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Key Democrat Feels the Heat in Indiana District After Voting for House Health-Reform Plan

Left, Susan Wells of New Albany, Ind., speaks with Perry Chang, a volunteer seeking to persuade residents to call Rep. Baron Hill's office to express support for President Obama's health-care reform plan. Hill, above, has faced criticism over his recent House committee vote for a reform plan.
Left, Susan Wells of New Albany, Ind., speaks with Perry Chang, a volunteer seeking to persuade residents to call Rep. Baron Hill's office to express support for President Obama's health-care reform plan. Hill, above, has faced criticism over his recent House committee vote for a reform plan. (Photos By Peter Slevin -- The Washington Post)
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By Peter Slevin
Washington Post Staff Writer
Monday, August 10, 2009

BLOOMINGTON, Ind. -- "The war's on," says Rep. Baron P. Hill, and he's not talking about a conflict overseas, but a battle over health care in his own back yard, where thousands of people are trying to tell him what to do, some not so nicely.

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Hill is a leader of the Blue Dogs, the caucus of 51 conservative Democrats whose hard-bargaining support is critical to President Obama's bid to overhaul the health system. He came home on recess to find himself a target of groups that want to steer the August conversation and the autumn vote.

These weeks are considered crucial, with Obama traveling the country and interest groups, as varied as the AARP and the insurance industry, spending millions on advertising. Hill, a blunt and pragmatic politician known for moving cautiously, helped postpone a final House vote to give lawmakers time to assess attitudes at home.

Happy to oblige, the Republican National Committee is running a radio ad saying he "folded like a lawn chair" under White House pressure. Conservative opponents are accusing him of ducking honest debate. Obama supporters by the dozen are using tactics more typical of a political campaign to keep him on board.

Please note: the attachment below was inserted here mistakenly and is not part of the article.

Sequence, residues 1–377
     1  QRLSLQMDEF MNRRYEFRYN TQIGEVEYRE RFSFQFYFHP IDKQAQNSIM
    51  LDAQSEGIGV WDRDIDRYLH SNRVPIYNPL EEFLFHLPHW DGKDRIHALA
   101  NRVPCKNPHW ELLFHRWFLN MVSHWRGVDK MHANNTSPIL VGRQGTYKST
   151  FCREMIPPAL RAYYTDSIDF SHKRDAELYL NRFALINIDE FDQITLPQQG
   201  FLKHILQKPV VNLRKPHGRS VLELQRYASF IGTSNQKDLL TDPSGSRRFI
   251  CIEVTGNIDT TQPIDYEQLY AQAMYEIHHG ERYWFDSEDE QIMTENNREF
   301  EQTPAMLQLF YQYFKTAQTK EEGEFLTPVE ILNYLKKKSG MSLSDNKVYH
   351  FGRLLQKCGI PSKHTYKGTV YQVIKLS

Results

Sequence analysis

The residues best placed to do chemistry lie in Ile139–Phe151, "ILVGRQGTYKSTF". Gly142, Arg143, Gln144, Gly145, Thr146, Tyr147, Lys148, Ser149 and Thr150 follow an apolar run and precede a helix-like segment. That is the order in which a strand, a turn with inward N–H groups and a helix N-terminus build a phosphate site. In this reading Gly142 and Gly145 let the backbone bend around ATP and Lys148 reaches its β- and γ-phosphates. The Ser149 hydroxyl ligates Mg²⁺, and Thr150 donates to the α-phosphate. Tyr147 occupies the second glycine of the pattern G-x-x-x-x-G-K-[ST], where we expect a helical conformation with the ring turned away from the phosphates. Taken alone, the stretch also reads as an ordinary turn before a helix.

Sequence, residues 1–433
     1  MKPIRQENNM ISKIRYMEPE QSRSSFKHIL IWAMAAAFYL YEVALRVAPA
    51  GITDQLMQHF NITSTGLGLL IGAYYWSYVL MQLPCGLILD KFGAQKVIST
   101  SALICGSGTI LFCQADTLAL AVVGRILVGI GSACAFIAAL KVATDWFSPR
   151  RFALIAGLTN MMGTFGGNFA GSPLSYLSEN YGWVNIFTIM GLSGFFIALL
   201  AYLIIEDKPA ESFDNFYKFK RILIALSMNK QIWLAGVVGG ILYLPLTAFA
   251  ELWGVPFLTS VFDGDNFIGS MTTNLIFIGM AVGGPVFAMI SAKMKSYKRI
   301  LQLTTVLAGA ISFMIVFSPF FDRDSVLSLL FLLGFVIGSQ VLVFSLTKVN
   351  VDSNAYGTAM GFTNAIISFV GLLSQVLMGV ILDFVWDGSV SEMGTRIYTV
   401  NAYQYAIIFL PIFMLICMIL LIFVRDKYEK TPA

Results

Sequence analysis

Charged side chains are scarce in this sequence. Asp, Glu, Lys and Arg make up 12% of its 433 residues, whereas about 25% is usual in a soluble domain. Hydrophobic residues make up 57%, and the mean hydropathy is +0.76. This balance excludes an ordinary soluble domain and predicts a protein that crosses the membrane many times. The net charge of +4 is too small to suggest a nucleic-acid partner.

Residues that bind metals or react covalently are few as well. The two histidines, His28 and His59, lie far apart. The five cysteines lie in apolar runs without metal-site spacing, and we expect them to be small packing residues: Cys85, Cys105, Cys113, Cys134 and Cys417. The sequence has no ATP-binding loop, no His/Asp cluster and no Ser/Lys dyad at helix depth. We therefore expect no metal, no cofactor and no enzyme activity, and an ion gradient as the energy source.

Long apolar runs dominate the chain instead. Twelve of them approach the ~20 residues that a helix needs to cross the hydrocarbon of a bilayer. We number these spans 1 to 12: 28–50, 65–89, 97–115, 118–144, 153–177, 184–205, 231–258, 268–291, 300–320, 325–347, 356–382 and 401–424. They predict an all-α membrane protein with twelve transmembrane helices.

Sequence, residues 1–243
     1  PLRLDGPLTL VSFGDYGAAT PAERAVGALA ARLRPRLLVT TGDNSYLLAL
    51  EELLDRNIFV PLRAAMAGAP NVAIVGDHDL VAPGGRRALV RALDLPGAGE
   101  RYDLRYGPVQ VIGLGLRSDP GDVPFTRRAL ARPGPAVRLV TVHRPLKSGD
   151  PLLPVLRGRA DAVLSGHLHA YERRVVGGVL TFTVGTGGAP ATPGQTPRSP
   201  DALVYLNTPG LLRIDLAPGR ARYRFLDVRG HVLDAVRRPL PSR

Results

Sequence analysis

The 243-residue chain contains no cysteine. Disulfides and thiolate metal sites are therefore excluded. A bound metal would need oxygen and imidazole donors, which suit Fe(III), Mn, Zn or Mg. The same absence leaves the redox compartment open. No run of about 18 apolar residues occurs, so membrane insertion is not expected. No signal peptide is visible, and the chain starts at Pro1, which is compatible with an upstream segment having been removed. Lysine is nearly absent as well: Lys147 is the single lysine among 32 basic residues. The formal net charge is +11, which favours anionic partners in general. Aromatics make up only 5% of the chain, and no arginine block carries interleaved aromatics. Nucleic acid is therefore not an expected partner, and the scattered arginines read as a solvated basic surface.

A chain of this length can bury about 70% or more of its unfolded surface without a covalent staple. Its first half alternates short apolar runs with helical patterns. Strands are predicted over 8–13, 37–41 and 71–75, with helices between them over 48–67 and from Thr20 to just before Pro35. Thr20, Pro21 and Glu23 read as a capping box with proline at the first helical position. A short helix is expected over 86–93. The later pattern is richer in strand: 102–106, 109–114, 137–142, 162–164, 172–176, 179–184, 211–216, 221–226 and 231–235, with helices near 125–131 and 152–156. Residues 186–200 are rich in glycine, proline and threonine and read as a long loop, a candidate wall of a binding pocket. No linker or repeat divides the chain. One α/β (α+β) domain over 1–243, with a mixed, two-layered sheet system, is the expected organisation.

So many people are calling and writing Hill that the telephone lines in his Bloomington office are often jammed. The phone traffic to his Capitol Hill office is so heavy that one staffer sends an e-mail when he needs to reach colleagues there. On Wednesday, Hill's office mailed 8,400 responses to voters.

One thing Hill is not doing is holding public town-hall meetings like those at which opponents have heckled members of Congress. He held at least six unannounced meetings with constituents last week and is mulling a day-long series of one-on-one meetings or a telephone conference call.

"I'm trying to control the event," Hill said, shortly before an informal discussion with a dozen business people at the Greater Bloomington Chamber of Commerce. "What I don't want to do is create an opportunity for the people who are political terrorists to blow up the meeting and not try to answer thoughtful questions."

That decision irritates some of Hill's constituents, who have been calling his office to demand time. They are furious that he voted July 31 in the House Energy and Commerce Committee for a hefty bill that would include a government-run insurance option.

"He needs to answer the people. He voted yes. Why? Tell us why, Baron. I'm not going to hang you in effigy," said Salem pediatrician Christy Lane. She failed several times to reach Hill's Washington staff, so she instead called the nearby Jeffersonville office.

After a contentious first week of the House recess, Senate Minority Leader Mitch McConnell (R-Ky.) on Sunday defended the opponents of reform who have disrupted Democrats' town hall meetings. Speaking on Fox News Sunday, he said Democratic criticism of the disruptions "may indicate some weakness in their position on the merits."

Taking another view, Sen. Richard J. Durbin (D-Ill.) said the angry shouting that had dominated some public meetings "isn't the democratic process" and "isn't right." He told CNN, "You know, we need to respect free speech, but we need to respect one another's right to free speech, too."

The battle of Baron Hill is developing as Obama and national groups are mustering foot soldiers and advertising dollars. Advocates have bought $500,000 of television time in the Evansville, Ind., and Louisville, Ky., markets, with more than half coming from the drug industry and its allies, said Evan Tracey of the Campaign Media Analysis Group.


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